Social Media is Killing us Softly; How to Limited Your Risk

Facebook crossed out
Social media sucks

I logged in to Twitter today and posted a tweet about a recent post. Then I made the mistake of seeing what people were tweeting about. This was the first time I’d spent any serious time on Twitter in three months. Turns out I hadn’t missed anything. Same bull, different day.

During the long COVID-19 quarantine, Twitter was a good way to kill time. Now? Not so much. It’s a waste of time.

If you are on Twitter, I recommend giving yourself a couple of days or weeks without it. Delete it from your phone and I bet you will be happier without it.

We were Better off Before Social Media

I think social media has harmed our society by emphasizing our differences rather than our similarities. Before, we were all Americans. Today, everything divides us. These differences have always been there, but they were under the surface. Today, all you have to do is find someone’s social media page and know that you hate them in two minutes or less.

Let’s say that I love hunting and you think it is intolerably cruel. Twenty years ago, we would likely never have met unless we both spoke at a public hearing on the topic. Today, we can snipe at each other on social media until one of us gets so angry we block the other. Back then, your opinion on trans players on girls athletic teams was probably known by your family and maybe a few close friends. Today, you can easily find people you disagree with and post rude, insulting, or perhaps threatening posts on their social media.

I think we were better off when our opinions were our own and we shared them with family, close personal friends, and pollsters who called us on our land lines after dinner. Blabbing your thoughts on every issue, seeking social approval for everything you do, and trying to conform so you will be popular just serves to make you less of an independent individual. Not everyone is alike, nor should they be.

I am always amused by people who want more diversity based on something obvious like skin color or sex but who recoil at diversity of thought and belief systems. These folks apparently believe it is OK to look different as long as you fall in line and don’t act different.

The Echo Chamber

When everything you watch and read is filtered by algorithms designed to show you things you like, you are in an echo chamber and quickly lose sight that there are other opinions, that opinions are not facts, and that you might actually be part of an extreme minority. Social media brings all the sycophants together and they reinforce each other. Then, someone pops up and says, “No, an AR-15 is not a ‘weapon of war’” or “Maybe we should think twice before we free Brittany,” and they freak out. Facts, logic, and reason fly out the door and emotion rules, vitriol flies, and the snowflakes have a melt down.

Living that way is just not healthy. You got to get out I the real world, because social media is neither.

Your Life in Pictures

Social media has also caused people trying to compete for cool points, to see who can do the wildest things, the stupidest things, look the sexiest, have the most toys, flash the most cash, or vacation in the most exclusive places. Shockingly, other people believe these posts and either try to emulate them or think their lives suck because they can’t. Posting photos has taken the whole “keeping up with the Jones” thing to an unhealthy extreme.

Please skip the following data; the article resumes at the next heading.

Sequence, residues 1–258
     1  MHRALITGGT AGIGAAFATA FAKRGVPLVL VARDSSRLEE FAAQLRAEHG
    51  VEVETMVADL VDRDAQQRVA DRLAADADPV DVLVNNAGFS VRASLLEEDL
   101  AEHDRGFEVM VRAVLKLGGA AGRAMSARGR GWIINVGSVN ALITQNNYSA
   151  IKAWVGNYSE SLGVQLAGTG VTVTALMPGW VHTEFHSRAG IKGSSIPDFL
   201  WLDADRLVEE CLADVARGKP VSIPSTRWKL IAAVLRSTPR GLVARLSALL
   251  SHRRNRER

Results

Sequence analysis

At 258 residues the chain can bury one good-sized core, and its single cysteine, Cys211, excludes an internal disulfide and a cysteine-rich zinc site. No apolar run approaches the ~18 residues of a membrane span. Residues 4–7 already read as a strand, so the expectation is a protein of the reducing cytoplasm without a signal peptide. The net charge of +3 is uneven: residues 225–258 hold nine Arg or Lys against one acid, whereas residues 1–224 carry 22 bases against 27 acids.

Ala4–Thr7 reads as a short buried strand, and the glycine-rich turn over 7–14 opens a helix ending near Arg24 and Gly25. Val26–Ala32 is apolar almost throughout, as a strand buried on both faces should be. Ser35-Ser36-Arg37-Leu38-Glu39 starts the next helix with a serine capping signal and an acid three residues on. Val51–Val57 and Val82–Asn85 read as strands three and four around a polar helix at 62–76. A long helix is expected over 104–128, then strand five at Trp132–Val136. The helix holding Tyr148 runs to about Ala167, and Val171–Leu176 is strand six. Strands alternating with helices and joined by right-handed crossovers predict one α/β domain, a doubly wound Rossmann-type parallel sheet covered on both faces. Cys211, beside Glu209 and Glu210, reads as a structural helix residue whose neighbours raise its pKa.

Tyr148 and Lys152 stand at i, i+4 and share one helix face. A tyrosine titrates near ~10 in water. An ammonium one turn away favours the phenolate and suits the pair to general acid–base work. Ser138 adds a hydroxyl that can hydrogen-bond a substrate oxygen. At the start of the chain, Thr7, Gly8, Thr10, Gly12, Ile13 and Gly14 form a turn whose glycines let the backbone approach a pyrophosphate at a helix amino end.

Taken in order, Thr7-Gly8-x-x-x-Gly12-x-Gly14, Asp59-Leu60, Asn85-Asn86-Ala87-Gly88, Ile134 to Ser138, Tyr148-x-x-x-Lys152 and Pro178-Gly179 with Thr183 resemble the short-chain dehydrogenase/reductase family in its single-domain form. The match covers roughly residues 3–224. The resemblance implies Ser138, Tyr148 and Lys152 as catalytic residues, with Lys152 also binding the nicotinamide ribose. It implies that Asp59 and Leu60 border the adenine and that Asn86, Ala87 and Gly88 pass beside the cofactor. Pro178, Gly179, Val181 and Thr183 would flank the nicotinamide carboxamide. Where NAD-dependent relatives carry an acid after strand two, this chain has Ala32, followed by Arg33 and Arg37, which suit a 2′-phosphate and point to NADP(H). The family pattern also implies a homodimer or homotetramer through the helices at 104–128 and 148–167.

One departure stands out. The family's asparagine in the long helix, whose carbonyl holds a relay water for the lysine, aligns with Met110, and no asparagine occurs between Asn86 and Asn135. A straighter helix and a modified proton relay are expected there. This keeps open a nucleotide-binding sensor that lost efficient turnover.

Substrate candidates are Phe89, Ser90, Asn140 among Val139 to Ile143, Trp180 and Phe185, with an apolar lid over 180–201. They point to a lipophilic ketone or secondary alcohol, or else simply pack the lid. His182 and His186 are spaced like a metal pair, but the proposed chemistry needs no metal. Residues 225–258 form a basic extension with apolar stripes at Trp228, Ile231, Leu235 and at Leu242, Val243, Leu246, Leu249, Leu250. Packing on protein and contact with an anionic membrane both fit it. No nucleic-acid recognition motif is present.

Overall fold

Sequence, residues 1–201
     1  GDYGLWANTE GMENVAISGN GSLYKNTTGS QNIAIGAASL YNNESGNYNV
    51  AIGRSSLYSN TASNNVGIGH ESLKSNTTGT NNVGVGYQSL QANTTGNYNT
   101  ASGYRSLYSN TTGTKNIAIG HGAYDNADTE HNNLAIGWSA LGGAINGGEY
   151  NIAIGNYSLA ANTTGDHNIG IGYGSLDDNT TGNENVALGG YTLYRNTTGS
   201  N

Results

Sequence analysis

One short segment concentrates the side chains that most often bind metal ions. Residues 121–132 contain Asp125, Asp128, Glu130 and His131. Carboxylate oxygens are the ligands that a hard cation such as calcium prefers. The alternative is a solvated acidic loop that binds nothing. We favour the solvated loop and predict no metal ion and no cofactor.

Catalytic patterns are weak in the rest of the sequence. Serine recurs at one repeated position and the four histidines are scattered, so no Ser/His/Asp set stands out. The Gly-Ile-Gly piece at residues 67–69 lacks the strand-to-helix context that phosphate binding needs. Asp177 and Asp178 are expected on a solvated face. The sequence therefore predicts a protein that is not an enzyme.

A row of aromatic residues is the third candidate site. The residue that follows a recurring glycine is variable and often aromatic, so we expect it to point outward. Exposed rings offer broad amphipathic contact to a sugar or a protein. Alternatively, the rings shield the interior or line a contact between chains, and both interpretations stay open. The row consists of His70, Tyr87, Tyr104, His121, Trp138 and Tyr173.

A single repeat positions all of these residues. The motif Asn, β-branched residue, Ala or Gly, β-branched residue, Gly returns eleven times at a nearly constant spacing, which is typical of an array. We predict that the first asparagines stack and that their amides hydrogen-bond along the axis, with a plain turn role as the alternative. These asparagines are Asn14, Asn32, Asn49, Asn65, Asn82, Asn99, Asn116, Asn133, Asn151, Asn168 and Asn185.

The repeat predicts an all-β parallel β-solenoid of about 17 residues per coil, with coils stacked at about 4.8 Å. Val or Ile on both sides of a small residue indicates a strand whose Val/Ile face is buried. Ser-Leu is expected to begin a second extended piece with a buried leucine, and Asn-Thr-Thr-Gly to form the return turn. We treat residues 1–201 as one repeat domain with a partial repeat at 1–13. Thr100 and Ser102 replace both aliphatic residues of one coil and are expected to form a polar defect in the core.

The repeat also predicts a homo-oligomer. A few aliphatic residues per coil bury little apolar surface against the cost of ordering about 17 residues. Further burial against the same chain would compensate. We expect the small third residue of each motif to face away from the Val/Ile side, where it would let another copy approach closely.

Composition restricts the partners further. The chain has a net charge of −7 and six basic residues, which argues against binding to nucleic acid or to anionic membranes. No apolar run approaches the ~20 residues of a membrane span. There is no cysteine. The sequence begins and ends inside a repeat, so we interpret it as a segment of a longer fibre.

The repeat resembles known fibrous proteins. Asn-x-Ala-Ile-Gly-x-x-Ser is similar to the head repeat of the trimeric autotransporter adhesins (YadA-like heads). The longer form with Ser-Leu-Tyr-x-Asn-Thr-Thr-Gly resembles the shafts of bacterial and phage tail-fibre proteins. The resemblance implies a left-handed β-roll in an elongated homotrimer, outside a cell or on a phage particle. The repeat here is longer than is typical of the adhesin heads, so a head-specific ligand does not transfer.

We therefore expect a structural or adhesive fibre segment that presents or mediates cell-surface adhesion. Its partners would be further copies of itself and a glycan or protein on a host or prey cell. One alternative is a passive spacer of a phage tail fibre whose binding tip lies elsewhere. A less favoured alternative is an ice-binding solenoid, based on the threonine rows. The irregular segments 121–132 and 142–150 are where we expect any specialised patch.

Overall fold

We’re getting away from knowing what makes us happy and doing it. Thanks to social media amplifying peer pressure, we’re doing what we think will make other people will approve of us, envy us, or want to emulate us. Kids used to look up to an athlete because of their record on the playing field, not because of the car they drove, the celebrity they dated, the club they went to, or the other cool people they hung out with.

We are becoming a superficial society, and we have social media, envy, greed, lust and a couple more of the seven deadly sins to thank for it.

Goodbye Privacy

Social media is also one of the greatest threats to your privacy. Not only does your account give anyone who wants a view into your world, it opens the door for hackers. By studying your accounts, I can probably answer several questions they use to verify your identity, including things like your mother’s maiden name, your favorite movie, who you went to prom with, your high school mascot, and your pet’s name. That kind of vulnerability is an invitation for hackers who can use it to change your passwords with a call or email to your provider’s customer service number.

Social media providers also use a great deal of tracking information on you and use your online actions to draw a detailed portfolio on who you are, what you believe, where you go, and who you get together with. I don’t think anyone should have that kind of detailer information about me.

How to Use Social Media Safely

If you just can’t bear to get rid of social media, I recommend two things:

First, lock your accounts as tightly as possible. This means make them private so random strangers cannot follow you. Activate all the privacy settings and turn off as many tracking features as possible. If the app is on your phone, make sure your phone is not sharing location data with it. Post as few photos of yourself and your family as possible.

Second, create a separate account for your hobbies and other interests. Are you a prepper? Create an account dedicated for prepping, like I did with @PickeldPrepper. Like guns? Create an Instagram account just for you and your guns. Talk about guns all you want there, but when they come to confiscate them, make sure that account has a fake name, fake phone number and an email address you only access when using a VPN.

Better yet, delete your accounts and be social with the people who matter: those who are around you.

Social Media is Killing us Softly; How to Limited Your Risk